This is so true all over the world… the waste of human potential is the greatest waste
This will probably be useful worldwide…
Eight hospitals reduced the number of deaths from surgery by more than 40% by using a checklist that helps doctors and nurses avoid errors, according to a report released online today in the New England Journal of Medicine.
1) Scale. How big is the global economy relative to the global ecosystem?
2) Stress development over growth. That is, make the economy better at satisfying human needs, not simply bigger.
3) Make prices tell the ecological truth.
4) Account for nature’s services.
5) The precautionary principle. This is just the age-old wisdom of “first, do no harm” and “look before you leap,” but applied to public policy toward new products (like chemicals) and technologies that could pose serious risk.
6) Commons management.
7) Value women.
Elizabeth Hausler explains to Global X that she was finishing her Ph.D. in engineering at Berkeley when an earthquake hit India and killed 20,000 people. That’s when she realized that “it’s not the earthquake that kills people, it’s the building collapsing.”
She looked for a solution and launched Build Change to build earthquake-resistant houses in developing countries and change construction practices permanently so that homeowners in seismically active developing countries can sleep at night.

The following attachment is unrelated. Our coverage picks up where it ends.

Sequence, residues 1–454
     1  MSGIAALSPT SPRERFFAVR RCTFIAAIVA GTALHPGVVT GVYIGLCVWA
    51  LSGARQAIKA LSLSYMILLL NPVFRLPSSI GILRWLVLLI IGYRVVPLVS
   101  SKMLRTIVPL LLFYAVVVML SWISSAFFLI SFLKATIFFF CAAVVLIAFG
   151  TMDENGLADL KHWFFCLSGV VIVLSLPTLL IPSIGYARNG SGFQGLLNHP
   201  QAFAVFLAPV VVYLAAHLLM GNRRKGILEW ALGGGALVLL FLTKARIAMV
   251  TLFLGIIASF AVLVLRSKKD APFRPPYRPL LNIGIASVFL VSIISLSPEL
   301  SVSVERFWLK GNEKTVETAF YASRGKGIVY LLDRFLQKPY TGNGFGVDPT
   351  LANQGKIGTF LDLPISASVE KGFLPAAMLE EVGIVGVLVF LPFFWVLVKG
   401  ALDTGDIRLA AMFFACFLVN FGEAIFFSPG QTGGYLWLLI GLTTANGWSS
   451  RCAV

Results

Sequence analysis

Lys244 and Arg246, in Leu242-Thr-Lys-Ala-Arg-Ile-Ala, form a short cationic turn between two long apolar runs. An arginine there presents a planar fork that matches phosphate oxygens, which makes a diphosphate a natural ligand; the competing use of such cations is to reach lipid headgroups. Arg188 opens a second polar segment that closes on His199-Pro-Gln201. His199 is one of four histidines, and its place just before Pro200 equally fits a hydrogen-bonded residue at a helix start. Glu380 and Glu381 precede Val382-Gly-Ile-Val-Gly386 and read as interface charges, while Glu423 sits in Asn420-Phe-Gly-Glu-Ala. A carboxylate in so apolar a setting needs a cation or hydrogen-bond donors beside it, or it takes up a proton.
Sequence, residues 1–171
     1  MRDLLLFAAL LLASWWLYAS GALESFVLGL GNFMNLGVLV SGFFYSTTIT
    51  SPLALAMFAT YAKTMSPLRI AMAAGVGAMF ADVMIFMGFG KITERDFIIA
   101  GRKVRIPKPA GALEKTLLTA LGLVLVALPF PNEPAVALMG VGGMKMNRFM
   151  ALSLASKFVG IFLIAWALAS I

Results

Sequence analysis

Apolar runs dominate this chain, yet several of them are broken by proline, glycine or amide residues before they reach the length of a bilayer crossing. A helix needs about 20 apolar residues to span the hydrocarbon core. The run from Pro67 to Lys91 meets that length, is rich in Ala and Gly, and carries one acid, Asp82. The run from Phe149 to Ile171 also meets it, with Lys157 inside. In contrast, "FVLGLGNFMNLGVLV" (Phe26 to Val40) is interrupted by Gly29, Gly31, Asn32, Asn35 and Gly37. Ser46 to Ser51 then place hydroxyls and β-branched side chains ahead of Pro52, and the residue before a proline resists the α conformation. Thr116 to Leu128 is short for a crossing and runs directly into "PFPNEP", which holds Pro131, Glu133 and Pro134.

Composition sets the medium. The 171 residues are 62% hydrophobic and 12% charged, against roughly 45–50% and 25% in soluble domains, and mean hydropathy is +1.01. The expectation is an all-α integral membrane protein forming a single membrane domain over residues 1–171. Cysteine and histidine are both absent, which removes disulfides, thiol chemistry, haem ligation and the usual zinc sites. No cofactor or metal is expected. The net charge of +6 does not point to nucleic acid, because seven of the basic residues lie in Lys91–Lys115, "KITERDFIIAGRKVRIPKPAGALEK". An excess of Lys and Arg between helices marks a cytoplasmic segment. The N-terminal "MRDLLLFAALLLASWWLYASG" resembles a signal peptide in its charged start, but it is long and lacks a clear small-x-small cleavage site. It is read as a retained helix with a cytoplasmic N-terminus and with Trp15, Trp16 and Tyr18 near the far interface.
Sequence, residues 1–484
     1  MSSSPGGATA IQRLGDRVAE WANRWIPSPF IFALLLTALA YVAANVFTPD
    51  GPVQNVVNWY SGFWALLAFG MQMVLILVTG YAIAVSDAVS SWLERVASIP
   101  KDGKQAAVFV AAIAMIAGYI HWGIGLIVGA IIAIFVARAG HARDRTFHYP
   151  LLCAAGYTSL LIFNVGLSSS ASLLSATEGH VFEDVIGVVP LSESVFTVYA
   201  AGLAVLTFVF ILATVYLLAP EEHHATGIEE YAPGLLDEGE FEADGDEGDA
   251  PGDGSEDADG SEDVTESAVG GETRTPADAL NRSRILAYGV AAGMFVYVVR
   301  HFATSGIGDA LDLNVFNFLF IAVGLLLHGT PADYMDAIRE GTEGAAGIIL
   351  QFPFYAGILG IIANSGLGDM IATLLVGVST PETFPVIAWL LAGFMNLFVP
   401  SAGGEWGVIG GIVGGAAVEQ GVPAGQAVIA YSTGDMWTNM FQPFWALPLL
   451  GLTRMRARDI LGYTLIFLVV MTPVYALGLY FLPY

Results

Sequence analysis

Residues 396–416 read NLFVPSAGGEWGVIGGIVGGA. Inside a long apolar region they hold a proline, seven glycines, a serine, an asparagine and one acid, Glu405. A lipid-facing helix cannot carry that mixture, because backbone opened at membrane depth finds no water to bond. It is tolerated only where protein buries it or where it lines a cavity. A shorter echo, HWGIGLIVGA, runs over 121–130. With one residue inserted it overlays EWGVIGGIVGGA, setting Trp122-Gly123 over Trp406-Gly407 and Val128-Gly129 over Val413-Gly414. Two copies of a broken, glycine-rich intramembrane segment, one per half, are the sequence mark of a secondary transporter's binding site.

The article here and its accompanying video describe this invention as, “…a taut membrane fitted with a pair of magnets that oscillate between metal coils. Prototypes have generated 40 milliwatts in 10-mph slivers of wind, making his device 10 to 30 times as efficient as the best microturbines…”
Farmingsolutions.org website has a touching story of the success of farmers’ self-help group in India. How they overcame all odds to work themselves out of poverty with sustainable agriculture at the same time caused a social revolution.
I am a big fan of TED and it never fails to wow. In this presentation Hans Rosling demonstrates visually a myriad of development indicators and at one point argues that Africa is not a basket case but has made tremendous strides in social development.
Very insightful approach to developmental issues…
“The aid system is broken,” says Ashraf Ghani in this powerful, reform-oriented talk. He discusses how to mobilize capital for state-building; why technical assistance fails; and why classic economic theory proved useless in Afghanistan, which is “dominated by the drug economy and a mafia.” He emphasizes the necessity of investment (“A dollar in private investment is equal to 20 dollars of aid”) and design ingenuity to rebuild broken states. And he offers a blueprint: the 10 key functions that a state should perform, from providing infrastructure to enforcing the rule of law.